Q

How are e-discovery tools used and what are some good tools for SMBs?

Greg Schulz explains how e-discovery tools are used and what options are available to SMBs in this expert response.

How are e-discovery tools used?

Electronic discovery (e-discovery) and the tools associated with it is one of those topics that can have different meanings to various people. For example, e-discovery can be applied to searching electronic records in support of litigation prosecution or defense. It can also be for non-legal scenarios including intellectual property (IP) search, which might include preparing for patent submission or for general data and IP mining within your organizations. E-discovery and e-discovery tools can also be used for data loss (or leak) prevention to proactively determine what data exists where so that you can either find a leak and/or isolate and fix a potential leak before it becomes a problem.

Another area that can get lumped in with e-discovery is general purpose data searching within an organization. Storage resource management (SRM) is often used in e-discovery to determine what files and data exist, and where they exist. Data searching can either be shallow (macro) or deep (micro). Shallow data searching involves simply looking for and at files. Deep data searching means to look into and at files or objects, as well as applying contextuality, lexicon analysis and other computational linguistic practices or filters.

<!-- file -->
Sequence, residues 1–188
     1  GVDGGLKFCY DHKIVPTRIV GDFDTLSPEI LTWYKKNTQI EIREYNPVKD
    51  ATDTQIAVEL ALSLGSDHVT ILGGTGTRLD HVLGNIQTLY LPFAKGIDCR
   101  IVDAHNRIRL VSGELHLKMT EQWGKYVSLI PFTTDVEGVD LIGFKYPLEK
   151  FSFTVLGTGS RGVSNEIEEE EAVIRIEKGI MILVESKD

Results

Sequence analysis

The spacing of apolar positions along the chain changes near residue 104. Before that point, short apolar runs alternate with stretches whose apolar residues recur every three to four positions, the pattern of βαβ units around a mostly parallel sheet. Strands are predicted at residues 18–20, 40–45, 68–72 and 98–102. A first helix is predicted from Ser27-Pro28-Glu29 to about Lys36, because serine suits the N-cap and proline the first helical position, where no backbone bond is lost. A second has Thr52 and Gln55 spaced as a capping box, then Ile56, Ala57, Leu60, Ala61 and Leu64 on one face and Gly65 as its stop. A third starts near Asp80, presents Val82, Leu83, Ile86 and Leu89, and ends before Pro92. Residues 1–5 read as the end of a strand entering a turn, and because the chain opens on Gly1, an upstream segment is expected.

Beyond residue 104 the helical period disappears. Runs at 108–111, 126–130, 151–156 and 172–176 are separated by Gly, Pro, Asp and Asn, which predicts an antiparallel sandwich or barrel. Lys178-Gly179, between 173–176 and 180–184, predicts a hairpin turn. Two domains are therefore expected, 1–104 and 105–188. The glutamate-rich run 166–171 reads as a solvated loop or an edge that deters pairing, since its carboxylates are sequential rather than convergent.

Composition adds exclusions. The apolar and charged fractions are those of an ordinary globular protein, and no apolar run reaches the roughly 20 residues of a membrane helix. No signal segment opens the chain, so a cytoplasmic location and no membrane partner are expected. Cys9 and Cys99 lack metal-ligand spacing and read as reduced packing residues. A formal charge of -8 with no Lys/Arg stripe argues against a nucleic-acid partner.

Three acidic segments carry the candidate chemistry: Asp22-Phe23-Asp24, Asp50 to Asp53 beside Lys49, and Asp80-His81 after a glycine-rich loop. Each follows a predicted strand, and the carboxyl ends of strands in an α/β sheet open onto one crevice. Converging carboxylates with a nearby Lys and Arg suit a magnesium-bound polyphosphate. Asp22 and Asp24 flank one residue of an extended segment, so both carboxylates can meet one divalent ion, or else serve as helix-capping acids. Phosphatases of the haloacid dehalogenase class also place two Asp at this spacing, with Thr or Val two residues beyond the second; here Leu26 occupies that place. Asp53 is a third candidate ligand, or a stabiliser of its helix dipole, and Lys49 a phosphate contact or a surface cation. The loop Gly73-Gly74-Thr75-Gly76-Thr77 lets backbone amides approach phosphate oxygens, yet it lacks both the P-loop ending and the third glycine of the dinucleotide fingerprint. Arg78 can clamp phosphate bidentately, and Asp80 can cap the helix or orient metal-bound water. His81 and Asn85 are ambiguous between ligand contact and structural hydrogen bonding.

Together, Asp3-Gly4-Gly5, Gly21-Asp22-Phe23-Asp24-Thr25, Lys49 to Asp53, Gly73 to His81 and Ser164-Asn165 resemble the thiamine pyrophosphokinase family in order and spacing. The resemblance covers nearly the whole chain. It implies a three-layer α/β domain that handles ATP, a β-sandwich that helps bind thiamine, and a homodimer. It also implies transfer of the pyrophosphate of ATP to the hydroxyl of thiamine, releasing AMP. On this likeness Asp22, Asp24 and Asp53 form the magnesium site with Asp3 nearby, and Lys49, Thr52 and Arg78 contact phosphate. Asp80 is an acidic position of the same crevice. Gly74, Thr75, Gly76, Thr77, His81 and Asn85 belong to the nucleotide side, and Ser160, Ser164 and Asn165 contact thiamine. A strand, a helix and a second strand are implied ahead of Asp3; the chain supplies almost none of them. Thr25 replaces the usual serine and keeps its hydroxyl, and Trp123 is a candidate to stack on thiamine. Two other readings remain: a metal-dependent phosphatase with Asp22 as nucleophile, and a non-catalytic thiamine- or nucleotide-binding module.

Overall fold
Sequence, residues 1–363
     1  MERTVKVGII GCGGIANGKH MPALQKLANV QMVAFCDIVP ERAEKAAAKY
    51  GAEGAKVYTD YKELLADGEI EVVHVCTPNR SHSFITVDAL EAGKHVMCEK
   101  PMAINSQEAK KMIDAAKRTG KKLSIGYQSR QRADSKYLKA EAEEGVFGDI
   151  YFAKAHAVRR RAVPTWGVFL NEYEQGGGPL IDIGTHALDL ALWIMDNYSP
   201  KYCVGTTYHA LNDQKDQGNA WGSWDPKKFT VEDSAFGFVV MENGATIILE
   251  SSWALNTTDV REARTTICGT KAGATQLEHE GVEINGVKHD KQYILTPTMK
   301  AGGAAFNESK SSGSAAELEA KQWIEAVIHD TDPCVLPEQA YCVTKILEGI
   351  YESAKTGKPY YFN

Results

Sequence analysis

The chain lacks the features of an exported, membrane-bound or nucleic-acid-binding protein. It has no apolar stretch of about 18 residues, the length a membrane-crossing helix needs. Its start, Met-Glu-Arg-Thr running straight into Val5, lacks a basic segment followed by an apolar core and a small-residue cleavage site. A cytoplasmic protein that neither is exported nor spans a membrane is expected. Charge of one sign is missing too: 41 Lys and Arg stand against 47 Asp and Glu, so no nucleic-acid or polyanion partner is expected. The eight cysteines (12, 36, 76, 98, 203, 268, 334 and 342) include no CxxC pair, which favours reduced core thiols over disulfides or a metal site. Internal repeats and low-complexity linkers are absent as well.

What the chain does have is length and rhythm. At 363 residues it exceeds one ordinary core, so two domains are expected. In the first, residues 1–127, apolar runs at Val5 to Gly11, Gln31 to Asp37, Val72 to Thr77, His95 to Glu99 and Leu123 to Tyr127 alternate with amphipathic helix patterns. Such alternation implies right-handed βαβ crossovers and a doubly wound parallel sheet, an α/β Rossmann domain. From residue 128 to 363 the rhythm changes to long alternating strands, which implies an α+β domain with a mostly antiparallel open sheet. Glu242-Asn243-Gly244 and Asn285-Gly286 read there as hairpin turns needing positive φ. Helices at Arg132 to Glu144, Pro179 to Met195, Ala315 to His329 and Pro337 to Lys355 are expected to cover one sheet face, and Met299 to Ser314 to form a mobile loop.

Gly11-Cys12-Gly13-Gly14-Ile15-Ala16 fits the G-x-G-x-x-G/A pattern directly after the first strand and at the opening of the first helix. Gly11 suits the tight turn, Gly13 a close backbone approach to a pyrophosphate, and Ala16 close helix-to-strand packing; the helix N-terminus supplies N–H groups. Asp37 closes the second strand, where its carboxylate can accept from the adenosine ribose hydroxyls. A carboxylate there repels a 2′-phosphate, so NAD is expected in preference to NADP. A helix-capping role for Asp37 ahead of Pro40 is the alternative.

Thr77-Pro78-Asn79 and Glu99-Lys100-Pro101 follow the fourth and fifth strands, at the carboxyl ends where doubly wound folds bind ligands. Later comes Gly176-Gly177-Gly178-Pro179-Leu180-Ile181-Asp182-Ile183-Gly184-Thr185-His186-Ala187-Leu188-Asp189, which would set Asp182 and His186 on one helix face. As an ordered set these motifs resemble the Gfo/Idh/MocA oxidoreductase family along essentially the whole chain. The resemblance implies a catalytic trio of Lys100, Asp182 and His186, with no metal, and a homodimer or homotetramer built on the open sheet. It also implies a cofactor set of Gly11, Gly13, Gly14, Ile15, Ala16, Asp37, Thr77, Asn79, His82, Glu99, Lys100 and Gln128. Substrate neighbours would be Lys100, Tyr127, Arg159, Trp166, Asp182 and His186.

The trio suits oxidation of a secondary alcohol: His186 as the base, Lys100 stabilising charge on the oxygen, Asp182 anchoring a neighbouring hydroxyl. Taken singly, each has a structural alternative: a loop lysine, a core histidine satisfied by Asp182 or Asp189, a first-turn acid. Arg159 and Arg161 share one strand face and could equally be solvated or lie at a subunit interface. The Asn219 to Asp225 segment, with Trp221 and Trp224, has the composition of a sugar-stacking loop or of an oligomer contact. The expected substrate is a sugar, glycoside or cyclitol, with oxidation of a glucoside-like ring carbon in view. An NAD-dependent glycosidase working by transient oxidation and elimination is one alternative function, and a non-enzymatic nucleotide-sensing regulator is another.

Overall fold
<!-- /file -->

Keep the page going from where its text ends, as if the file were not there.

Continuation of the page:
Knowing what you'll be using the e-discovery tools for will help you find good products or services. Some e-discovery tools available to small- to medium-sized businesses (SMBs) are more expensive and provide more capabilities, while others are simple for a lower fee. Also, some are available as a service with different features such as discovery supporting different lexicons (e.g., legal, medical, financial, etc.), litigation hold, an interface with data archiving products, redaction and others. Major vendors with e-discovery tools include EMC Corp., Hewlett-Packard (HP) Co., IBM Corp., Microsoft and Oracle, along with smaller firms such as Kroll, StoredIQ and Xobni Corp.

This was first published in June 2010

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